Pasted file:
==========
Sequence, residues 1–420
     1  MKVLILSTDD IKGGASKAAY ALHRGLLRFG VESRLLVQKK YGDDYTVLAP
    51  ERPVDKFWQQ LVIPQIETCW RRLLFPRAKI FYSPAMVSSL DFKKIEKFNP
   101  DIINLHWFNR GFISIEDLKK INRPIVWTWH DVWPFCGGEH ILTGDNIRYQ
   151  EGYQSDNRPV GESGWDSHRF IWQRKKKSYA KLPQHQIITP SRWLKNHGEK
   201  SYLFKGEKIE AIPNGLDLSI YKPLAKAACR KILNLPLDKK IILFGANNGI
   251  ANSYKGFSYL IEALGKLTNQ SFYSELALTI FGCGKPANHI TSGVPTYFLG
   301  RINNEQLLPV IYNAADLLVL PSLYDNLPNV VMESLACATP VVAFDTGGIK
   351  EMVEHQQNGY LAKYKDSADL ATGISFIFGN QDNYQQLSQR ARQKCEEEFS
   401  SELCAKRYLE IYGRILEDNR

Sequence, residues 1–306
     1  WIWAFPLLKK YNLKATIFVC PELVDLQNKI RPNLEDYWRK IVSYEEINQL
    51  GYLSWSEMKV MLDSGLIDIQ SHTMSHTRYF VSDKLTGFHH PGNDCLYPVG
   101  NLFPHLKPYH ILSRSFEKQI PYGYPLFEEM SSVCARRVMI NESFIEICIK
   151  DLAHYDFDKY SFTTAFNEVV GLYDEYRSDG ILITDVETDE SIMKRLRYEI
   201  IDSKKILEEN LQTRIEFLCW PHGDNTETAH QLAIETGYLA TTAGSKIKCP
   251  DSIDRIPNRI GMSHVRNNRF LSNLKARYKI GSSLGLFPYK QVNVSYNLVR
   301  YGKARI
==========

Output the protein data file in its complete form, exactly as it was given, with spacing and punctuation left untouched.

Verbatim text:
Sequence, residues 1–420
     1  MKVLILSTDD IKGGASKAAY ALHRGLLRFG VESRLLVQKK YGDDYTVLAP
    51  ERPVDKFWQQ LVIPQIETCW RRLLFPRAKI FYSPAMVSSL DFKKIEKFNP
   101  DIINLHWFNR GFISIEDLKK INRPIVWTWH DVWPFCGGEH ILTGDNIRYQ
   151  EGYQSDNRPV GESGWDSHRF IWQRKKKSYA KLPQHQIITP SRWLKNHGEK
   201  SYLFKGEKIE AIPNGLDLSI YKPLAKAACR KILNLPLDKK IILFGANNGI
   251  ANSYKGFSYL IEALGKLTNQ SFYSELALTI FGCGKPANHI TSGVPTYFLG
   301  RINNEQLLPV IYNAADLLVL PSLYDNLPNV VMESLACATP VVAFDTGGIK
   351  EMVEHQQNGY LAKYKDSADL ATGISFIFGN QDNYQQLSQR ARQKCEEEFS
   401  SELCAKRYLE IYGRILEDNR

Sequence, residues 1–306
     1  WIWAFPLLKK YNLKATIFVC PELVDLQNKI RPNLEDYWRK IVSYEEINQL
    51  GYLSWSEMKV MLDSGLIDIQ SHTMSHTRYF VSDKLTGFHH PGNDCLYPVG
   101  NLFPHLKPYH ILSRSFEKQI PYGYPLFEEM SSVCARRVMI NESFIEICIK
   151  DLAHYDFDKY SFTTAFNEVV GLYDEYRSDG ILITDVETDE SIMKRLRYEI
   201  IDSKKILEEN LQTRIEFLCW PHGDNTETAH QLAIETGYLA TTAGSKIKCP
   251  DSIDRIPNRI GMSHVRNNRF LSNLKARYKI GSSLGLFPYK QVNVSYNLVR
   301  YGKARI